Questions like these can help you: Who are your five nearest direct competitors? Who are your indirect competitors? How are their businesses: steady? What have you learned from their operations? What are their strengths and weaknesses? How does their product or service differ from yours?
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How will you attract, hold, increase your market share? Will the franchisor provide assistance in this area? Based on the franchisor's strategy, how will you promote your sales? What pricing strategy, if any, has the franchisor devised? Competition is a way of life. We compete for jobs, promotions, scholarships to institutes of higher learning, in sports - and in almost every aspect of your lives. Nations compete for the consumer essay in the global marketplace as do individual business owners. Advances in technology can send the profit margins of a successful business into a tailspin causing them to plummet overnight or within a few hours. When considering these and other factors, we can conclude that business is a highly competitive, volatile arena. Because of this volatility and competitiveness, it is important to know your competitors.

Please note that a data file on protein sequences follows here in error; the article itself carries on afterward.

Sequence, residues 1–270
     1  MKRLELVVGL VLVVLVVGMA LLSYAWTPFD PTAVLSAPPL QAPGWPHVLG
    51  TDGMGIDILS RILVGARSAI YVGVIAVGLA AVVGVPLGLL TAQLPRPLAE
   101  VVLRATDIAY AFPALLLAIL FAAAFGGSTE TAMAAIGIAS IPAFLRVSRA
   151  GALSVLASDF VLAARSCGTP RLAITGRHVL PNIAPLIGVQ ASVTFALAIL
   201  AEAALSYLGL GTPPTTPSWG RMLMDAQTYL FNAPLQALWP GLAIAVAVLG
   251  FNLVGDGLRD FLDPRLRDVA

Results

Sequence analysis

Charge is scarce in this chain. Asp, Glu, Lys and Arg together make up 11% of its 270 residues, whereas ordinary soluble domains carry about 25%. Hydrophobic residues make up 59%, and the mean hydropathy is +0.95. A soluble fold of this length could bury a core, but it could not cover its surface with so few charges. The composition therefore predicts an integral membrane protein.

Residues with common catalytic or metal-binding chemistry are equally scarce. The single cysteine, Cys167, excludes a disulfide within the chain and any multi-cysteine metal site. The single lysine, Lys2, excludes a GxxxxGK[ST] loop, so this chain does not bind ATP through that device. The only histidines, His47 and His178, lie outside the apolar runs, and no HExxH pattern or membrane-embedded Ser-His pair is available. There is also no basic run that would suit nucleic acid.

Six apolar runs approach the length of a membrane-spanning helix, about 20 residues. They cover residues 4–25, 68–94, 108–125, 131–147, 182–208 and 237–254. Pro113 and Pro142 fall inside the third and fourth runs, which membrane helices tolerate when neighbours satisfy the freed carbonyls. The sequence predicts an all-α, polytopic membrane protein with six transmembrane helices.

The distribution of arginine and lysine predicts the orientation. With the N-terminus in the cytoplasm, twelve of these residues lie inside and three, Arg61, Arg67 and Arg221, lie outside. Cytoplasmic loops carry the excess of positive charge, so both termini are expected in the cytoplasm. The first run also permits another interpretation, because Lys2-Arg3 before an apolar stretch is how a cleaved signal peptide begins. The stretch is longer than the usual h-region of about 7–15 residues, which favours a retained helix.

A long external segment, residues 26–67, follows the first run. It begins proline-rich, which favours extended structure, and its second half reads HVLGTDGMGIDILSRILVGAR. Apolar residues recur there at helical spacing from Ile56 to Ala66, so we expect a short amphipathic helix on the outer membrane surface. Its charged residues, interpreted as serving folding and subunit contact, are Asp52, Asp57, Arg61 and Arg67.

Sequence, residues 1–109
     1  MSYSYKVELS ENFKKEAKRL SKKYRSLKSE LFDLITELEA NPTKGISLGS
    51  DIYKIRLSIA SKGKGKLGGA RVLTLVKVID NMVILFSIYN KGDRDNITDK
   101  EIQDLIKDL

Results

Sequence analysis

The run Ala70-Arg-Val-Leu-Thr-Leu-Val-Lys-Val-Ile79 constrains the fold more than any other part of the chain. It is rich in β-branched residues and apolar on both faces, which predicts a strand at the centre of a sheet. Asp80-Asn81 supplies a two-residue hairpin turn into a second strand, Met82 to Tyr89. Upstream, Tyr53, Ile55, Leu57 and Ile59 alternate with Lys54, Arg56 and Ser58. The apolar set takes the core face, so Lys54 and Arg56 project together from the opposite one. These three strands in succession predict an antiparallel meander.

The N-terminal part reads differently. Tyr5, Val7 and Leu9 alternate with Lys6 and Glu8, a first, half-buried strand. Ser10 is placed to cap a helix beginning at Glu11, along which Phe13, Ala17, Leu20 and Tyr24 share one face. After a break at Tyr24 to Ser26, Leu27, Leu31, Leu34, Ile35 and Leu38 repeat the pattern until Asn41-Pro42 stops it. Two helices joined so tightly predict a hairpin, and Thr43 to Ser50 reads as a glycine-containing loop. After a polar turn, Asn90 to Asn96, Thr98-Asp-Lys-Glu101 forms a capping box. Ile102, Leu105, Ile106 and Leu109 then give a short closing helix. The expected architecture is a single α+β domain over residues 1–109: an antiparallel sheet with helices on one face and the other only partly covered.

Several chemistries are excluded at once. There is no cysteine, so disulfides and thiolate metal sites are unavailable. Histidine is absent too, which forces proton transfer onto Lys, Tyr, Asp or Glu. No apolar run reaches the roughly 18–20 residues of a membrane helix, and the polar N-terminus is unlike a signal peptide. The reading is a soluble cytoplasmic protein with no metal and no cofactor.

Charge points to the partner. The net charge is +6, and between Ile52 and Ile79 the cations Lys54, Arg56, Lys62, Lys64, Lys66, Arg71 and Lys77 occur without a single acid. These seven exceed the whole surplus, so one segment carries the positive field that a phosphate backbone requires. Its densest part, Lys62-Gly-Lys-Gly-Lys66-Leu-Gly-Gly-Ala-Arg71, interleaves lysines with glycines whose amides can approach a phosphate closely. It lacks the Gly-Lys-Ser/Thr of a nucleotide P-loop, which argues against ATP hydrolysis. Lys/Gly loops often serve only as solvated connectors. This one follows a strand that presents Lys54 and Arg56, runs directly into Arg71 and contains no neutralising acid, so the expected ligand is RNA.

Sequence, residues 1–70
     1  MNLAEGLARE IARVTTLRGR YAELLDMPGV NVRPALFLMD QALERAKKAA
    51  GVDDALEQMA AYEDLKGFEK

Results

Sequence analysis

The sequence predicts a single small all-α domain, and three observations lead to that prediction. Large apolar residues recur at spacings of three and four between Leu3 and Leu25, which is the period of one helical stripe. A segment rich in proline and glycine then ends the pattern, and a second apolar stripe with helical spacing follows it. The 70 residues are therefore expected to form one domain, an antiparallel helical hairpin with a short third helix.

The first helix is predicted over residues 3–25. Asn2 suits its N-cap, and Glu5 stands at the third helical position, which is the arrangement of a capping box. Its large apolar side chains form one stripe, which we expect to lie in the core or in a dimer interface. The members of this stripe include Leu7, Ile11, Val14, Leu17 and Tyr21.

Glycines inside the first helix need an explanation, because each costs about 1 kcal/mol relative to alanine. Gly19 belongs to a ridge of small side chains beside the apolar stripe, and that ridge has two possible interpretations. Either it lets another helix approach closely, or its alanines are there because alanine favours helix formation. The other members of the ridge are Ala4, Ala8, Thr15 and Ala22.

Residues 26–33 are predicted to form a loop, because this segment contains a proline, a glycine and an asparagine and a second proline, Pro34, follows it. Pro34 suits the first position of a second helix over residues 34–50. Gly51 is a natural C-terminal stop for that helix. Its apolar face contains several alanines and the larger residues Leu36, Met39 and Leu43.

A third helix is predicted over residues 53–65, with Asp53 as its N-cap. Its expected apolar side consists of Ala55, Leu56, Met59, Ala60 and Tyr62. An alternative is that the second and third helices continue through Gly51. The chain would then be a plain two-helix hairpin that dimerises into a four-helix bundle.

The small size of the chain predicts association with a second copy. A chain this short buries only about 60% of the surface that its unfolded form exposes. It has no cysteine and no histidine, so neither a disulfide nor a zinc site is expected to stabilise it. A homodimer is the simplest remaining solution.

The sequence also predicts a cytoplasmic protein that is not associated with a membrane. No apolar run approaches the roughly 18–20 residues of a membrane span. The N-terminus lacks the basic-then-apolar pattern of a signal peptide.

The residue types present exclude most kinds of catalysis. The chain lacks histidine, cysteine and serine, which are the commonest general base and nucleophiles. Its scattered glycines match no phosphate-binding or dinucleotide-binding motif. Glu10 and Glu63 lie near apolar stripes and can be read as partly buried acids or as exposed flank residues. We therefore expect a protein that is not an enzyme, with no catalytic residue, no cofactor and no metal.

Develop a marketing plan by answering these questions. Potential franchise owners will have to use the marketing strategy the franchisor has developed; however, it should be included in your business plan and contain answers to the questions outlined below. Who are your customers? Define your target market(s). Are your markets growing? Is your franchise market share growing? Has your franchisor segmented your markets? Are your markets large enough to expand, depending on franchisor restrictions?